Of course just because you start a game with players as part of an Organization (or even just trying to get in — a first session that is the Admission trials of the troubleshooter’s Union could be a lot of fun) doesn’t mean they have to stay in it. Here in my experience the two most important issues are player expectation and current player satisfaction. If you have proposed that a game is the adventures of the Stellar Alliance Battlecarrier Valorous, and you plan to have the characters all cashiered out over something that isn’t there fault by session 3, you may have a lot of unhappy players who were excited to be part of a big starship crew. OTOH, if the players end up hating how Stellar Alliance regulations hamper their desire to help non-member citizens and want to go it on their own, forcing them to stick with the organization they dislike can also be a big problem.

One good way to subvert expectations in an Organizations campaign is to have sub-organizations, perhaps secret ones, that the players can find out about and choose to join (or not). If the Lamplighter’s Guild has a secret “Bump in the Night” department that handles horrific things their lights sometimes illuminate (an awesome idea I am stealing here from my friend Carl), the players can work with that group, or look to join them, or even work against them if they think the Bit-N are actually traitorous vampire spawn.

Patron

The idea of a Patron setup is that the PCs are working for, or at least aided by, a powerful Patron who can direct them to adventures, and help them gain access to resources and/or people when it might otherwise be beyond the PCs’ reach. A Patron setup can be a nice mid-point between Organization and Wanted Posters — the PCs need not be as wantonly mercenary as an entirely Wanted Post campaign might suggest, nor as beholden to a set of rules as is common in an organization-style campaign.

A Patron might be just a wealthy or well-connected individual, but there can be other interesting options to. A Patron could be someone unable to operate in society easily on their own — a sentient magic item, or a strong AI, or a member of a marginalized group the culture won’t take serious or treat with respect. Or they could have legal or societal limitations based on standing and position — Commissioner Gauthier can’t be seen operating outside the law, but instead makes a deal with a group of vigilantes that as long as they play by his much looser rules, he’ll feed them intel and not pursue them himself.

One common trope is for a Patron to actual be evil, and planning to betray the PCs, and/or destroy them. While this is pretty well expected in some genres (noir detective stories especially, and things inspired by those tropes), I am personally not a fan of that “twist” unless it’s actually a stated part of the game’s assumptions. I find it much more interesting to do things like have the Patron trust the PCs more and more, in time setting them up to be independent or even take over the patrons wealth and power, because betrayal is no fun in real life, and when it comes in my entertainment, I like it to not be a huge surprise or have a big impact. YMMV.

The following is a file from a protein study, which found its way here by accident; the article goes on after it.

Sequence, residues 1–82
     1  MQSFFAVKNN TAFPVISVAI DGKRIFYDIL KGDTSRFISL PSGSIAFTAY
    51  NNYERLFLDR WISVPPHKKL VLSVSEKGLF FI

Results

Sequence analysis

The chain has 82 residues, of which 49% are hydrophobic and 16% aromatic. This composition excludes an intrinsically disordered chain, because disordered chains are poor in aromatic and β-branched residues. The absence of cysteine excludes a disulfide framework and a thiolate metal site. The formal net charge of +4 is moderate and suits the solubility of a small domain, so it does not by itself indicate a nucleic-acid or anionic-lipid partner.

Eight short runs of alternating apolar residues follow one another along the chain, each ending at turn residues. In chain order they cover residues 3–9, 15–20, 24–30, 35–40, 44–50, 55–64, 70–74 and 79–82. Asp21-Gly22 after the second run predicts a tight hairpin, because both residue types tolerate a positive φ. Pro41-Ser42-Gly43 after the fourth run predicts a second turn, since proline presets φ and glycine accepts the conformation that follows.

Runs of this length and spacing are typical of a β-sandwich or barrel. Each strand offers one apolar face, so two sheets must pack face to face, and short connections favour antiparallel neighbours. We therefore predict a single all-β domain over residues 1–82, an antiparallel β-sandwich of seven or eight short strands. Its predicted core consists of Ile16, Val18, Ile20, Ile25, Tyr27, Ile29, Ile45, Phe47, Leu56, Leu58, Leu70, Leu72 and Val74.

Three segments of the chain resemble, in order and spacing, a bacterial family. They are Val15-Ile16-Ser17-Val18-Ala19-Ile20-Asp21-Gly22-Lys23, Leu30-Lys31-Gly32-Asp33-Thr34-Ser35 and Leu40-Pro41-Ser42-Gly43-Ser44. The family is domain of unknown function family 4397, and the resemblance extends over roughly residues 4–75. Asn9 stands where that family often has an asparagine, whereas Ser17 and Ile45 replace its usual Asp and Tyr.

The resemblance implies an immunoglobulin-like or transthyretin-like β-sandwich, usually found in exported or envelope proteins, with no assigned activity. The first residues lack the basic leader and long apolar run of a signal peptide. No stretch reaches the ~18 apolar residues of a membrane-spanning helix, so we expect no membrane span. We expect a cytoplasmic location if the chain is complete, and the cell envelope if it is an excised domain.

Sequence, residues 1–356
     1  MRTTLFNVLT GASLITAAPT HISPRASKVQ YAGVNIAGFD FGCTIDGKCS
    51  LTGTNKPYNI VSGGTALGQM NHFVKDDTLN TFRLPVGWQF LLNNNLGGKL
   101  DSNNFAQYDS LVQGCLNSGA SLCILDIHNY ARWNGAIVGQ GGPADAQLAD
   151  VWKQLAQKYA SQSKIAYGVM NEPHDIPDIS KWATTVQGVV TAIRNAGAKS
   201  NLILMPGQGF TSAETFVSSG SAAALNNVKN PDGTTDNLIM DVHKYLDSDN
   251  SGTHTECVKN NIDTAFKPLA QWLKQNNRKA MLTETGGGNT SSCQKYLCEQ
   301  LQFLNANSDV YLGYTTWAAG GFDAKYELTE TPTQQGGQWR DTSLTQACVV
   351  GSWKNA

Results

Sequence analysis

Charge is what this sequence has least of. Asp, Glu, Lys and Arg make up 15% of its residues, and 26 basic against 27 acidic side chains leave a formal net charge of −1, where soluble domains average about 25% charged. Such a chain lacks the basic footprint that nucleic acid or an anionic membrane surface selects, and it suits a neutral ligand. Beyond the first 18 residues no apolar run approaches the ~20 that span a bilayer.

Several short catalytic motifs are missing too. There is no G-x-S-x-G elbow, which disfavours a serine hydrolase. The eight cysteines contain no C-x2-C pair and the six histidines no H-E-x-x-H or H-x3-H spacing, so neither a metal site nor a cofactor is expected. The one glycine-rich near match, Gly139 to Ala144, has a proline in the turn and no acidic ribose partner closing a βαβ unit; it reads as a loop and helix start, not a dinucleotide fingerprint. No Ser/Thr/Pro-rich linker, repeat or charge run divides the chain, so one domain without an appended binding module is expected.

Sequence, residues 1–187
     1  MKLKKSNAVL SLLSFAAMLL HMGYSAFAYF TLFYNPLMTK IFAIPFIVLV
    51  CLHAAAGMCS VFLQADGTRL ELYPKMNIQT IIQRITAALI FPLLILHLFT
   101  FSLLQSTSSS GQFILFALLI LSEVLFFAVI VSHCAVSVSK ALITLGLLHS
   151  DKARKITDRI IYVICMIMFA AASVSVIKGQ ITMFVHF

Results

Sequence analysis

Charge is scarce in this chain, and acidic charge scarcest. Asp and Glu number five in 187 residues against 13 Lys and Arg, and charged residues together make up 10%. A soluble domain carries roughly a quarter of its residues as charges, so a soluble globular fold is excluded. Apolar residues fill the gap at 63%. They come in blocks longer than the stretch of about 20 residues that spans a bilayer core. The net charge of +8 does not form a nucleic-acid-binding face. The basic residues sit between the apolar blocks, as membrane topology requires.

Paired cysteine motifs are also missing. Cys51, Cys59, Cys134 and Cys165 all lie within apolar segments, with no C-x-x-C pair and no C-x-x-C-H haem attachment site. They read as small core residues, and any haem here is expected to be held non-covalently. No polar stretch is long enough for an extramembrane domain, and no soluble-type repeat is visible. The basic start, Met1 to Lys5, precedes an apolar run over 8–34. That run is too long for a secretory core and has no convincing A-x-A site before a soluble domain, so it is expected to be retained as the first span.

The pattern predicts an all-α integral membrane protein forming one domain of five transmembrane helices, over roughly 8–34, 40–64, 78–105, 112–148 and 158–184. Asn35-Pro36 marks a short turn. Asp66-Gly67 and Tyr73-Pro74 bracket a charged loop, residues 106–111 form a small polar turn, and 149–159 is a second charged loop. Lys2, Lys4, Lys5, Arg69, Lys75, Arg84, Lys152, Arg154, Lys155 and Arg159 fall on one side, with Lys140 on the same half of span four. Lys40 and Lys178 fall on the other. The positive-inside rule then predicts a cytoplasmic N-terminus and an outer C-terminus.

Mysterious Patron

The big difference between a Patron and a Mysterious Patron is that there’s some big element of the Mysterious patron the PCs aren’t aware of. Perhaps they only communicate through a speaker in an office, send coded messages through the bottlecaps of daily milk deliveries, or meet the PCs in the back of an abandoned opera house while wearing a all-concealing cloak that suggests they have a massive hump… or maybe wings and horns. In my experience it’s much harder to get players to trust a Mysterious patron (which can be fun), and they almost always want to Solve the Mystery, which means only use this setup of dealing with those issues seems likely to be fun for you and your players.

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Kickoff Setups for ttRPG Campaigns, Pt. 2

Part two of the series on setups to kickoff ttRPG campaigns.

Family Ties

This setup is a lot like the Organization, but you may not have any choice about being part of it. The campaign is driven by PCs’ ties to a family, which they may all be members of, or may have some different connection to (such as all working for the same noble clan, or all having been infected as hosts to related strains of the same sentient fungus). At their simplest Family Ties can drive forward a campaign through familial connections, ranging from helping out other family members to working to expand and protect all family holdings.

Family ties can be little more than an excuse to be in the Wrong Place/Wrong Time, such as if the reading of a family scion’s will brings all the characters together into a haunted house (or onto a secret seabase, into an exclusive club, at the lost keep, in the big boardroom, or around the meadhall fire, depending on genre). They can also come with duties that are hard to refuse (such as being the nobles who oversee a territory, or being the only bloodline that can activate the planetary defense grid… or the bloodstone altar, or whatever). Family ties can also come with enemies who don’t care if the PCs want to be involved in family business or not, from demons sworn to end all descendants of a great champion (or great champions sworn to end all descendants of a given demon), to rivals for a familial claim to a throne–whether the PCs have any interest in claiming it, or not.